7. Mar, 2018

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A few dawn raids on bishops' palaces wouldn't go amiss.

Catholic bishops above the law? Are they still too slippery to have their collars felt, even after revelation of the decades-long sexual rampage of Fr. Malachy Finnegan against boys at St. Colman’s college in Newry?

The most offensive aspect of the latest scandal lies in the protestations of Bishop John McAreavy that neither he nor his predecessor had realised they would be sharpening the suffering of the victims when, instead of reporting Finnegan to the police, they sang dumb and directed at least one of the boys away from counselling by health professionals into the hands of Church officials who could be counted on to cover up.

Even after he'd learnt of Finnegan's debauchery, McAreavy welcomed the predator onto the altar in full, ornate regalia to stand at his shoulder at formal ceremonies. Later, McAreavy presided at the sex-abuser’s own funeral mass.

Meanwhile, the airways have been clogged with claims that the revelations came as a shuddering surprise to Catholic clergy and to devout Catholics.

At a conservative estimate, tens of thousands of people in the North - hundreds of thousands across the island - were well aware of the horrors which were happening. It may have been talked about only in whispers. But it was talked about.

As Christy Moore said in his song about Anne Lovett - the 15-year-old from Granard in Longford who was found in January 1984 bleeding to death at a Marian shrine after giving birth to a still-born boy: “Everybody knew, nobody said.”

How come the RUC didn’t even record the complaint when one of Finnegan’s victims, Sean Faloon, summoned up the great courage which it took to go to the police station in Newry and made a statement naming Finnegan.

Finnegan was never questioned, much less charged. Sean's courage counted for northing compared to the institutional interests of the Church.

If the RUC was a sectarian force - and it was – how come it didn’t go for the Church’s throat? How come it averted its eyes and effectively aided the Church in covering up its crimes?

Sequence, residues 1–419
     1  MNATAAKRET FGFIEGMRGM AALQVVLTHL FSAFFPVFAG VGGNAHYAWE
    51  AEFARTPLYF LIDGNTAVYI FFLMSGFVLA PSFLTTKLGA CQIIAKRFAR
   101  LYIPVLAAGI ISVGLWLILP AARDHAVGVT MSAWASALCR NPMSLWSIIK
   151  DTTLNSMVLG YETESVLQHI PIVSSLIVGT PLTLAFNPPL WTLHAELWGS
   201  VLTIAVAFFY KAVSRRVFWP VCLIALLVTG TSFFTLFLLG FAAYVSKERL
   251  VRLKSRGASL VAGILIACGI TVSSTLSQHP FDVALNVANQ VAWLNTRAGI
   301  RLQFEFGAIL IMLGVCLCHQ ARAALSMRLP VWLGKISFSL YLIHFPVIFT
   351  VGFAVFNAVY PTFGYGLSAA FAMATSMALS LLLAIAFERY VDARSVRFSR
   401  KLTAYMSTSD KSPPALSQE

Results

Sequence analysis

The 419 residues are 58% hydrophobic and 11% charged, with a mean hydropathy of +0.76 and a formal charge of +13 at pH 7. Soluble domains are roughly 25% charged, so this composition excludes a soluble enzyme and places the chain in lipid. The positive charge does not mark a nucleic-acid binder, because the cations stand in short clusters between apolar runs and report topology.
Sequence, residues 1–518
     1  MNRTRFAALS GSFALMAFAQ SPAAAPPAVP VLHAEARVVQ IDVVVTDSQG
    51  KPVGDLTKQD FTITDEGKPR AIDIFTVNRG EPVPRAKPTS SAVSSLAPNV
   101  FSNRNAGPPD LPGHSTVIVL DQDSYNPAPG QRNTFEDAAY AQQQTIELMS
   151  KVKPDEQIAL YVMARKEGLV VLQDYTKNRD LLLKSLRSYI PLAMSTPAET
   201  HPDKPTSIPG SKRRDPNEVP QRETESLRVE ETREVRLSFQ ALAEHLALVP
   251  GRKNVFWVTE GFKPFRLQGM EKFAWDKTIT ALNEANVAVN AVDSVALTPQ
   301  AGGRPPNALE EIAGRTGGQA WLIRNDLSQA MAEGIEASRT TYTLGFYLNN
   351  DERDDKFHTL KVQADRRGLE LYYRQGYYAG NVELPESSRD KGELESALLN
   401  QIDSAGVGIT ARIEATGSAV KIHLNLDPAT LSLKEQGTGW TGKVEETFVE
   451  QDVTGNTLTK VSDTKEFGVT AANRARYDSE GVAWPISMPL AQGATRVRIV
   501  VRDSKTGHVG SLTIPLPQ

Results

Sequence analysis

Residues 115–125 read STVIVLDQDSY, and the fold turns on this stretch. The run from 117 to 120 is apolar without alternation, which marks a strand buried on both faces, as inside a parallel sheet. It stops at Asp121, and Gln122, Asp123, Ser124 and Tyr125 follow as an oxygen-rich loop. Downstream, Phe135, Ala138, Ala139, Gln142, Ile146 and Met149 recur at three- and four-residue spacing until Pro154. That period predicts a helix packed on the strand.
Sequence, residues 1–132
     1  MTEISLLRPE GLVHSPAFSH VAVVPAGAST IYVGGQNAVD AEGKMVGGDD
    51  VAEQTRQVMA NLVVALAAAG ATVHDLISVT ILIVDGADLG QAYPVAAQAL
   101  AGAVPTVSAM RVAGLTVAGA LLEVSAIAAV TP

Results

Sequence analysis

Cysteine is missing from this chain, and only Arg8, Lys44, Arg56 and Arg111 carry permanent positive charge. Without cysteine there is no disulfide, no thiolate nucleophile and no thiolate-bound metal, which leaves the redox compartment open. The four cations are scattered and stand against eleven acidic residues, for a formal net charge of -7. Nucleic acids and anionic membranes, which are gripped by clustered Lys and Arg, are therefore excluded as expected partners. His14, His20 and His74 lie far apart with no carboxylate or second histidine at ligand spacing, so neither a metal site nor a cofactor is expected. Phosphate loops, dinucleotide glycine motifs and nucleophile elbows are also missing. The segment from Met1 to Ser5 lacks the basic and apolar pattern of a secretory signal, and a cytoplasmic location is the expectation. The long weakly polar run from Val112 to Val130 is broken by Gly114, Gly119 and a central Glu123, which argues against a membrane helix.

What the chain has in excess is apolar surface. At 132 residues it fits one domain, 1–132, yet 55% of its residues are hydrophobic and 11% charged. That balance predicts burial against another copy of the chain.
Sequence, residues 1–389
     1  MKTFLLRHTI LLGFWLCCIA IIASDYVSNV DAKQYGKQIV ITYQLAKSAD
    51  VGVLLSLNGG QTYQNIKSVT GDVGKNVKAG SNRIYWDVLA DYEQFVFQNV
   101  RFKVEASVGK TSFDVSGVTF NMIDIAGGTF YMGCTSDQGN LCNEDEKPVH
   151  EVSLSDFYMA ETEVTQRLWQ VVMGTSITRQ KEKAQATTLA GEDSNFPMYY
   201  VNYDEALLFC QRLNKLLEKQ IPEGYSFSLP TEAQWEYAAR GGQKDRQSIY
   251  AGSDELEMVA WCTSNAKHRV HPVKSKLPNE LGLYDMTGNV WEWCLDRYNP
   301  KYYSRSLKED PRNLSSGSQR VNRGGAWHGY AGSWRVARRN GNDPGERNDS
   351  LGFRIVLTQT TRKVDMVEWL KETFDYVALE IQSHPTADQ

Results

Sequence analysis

The answer lies in the curious and little-explored relationship between the Catholic and Unionist hierarchies.

The Catholic Church in the North - as distinct from the Catholic people - has never been discriminated against.

It is arguable that the most progressive Minister for Education in the North has been - there isn’t much competition - Lord Londonderry, appointed at the foundation of the State in 1921. He wanted to establish an integrated primary system. The bishops and their buddies at Stormont were having none of it. (The Protestant churches, too, wanted segregated schools.)

The Northern State, based on the perceived interests of one community only, was highly unstable from the outset. Nobody could be certain it would last very long. Catholics were being driven out of workplaces in Belfast, civil war loomed in the South.

It was in this situation that the Stormont regime and the Catholic bishops found common cause. An arrangement was made whereby, in effect, the Unionists undertook not to hinder the Church in controlling what was then called the “moral formation” of Catholic children - consolidating the grip of the Church on the minds of the congregation, beginning with the youngest and most vulnerable.

The old Jesuit slogan “Give us the child at seven [or six or five or four] and we will have him (sic.) for life” - is not far off the mark. Control of education, enmeshing parents as well as children in Church affairs, has been a huge factor in sustaining the Church as successive scandals have broken over its head.

In return, the bishops undertook to do all they could to put their followers off dangerous ideas and dissuade them from seriously challenging the State.

And thus it has been. The latitude shown by the secular authorities to the bishops in the South has been matched in the North.

As a result of the Finnegan scandal, calls have been coming thick and fast for a public inquiry into child abuse in Catholic schools. And why not? We have had public inquiries into far less serious matters. But a formal inquiry, with every interested party entitled to a legal team, would be an uncertain and roundabout way of seeking the truth. The process could take years, not months.

What should happen is the same as would happen if it were a sporting or cultural or trades union organisation which was in the frame. Arrest known suspects for questioning. Order production of all relevant records and papers. Interview victims. Lay charges.

It is against the law in Northern Ireland to fail to report a crime. McAreavy has been caught bang-to-rights. He should be charged without further ado.

This is what all political parties should be calling for. But only parties campaigning for complete separation of Church and State can shout that out loud.

Unionist parties won’t make the call. They’d understandably be accused of bashing the Catholics for sectarian reasons.

Nationalist parties will guard their tongues for fear of losing Catholic votes.

The Left should step forward and take the lead – No more collusion! Protect our children! Put the bishops in the dock!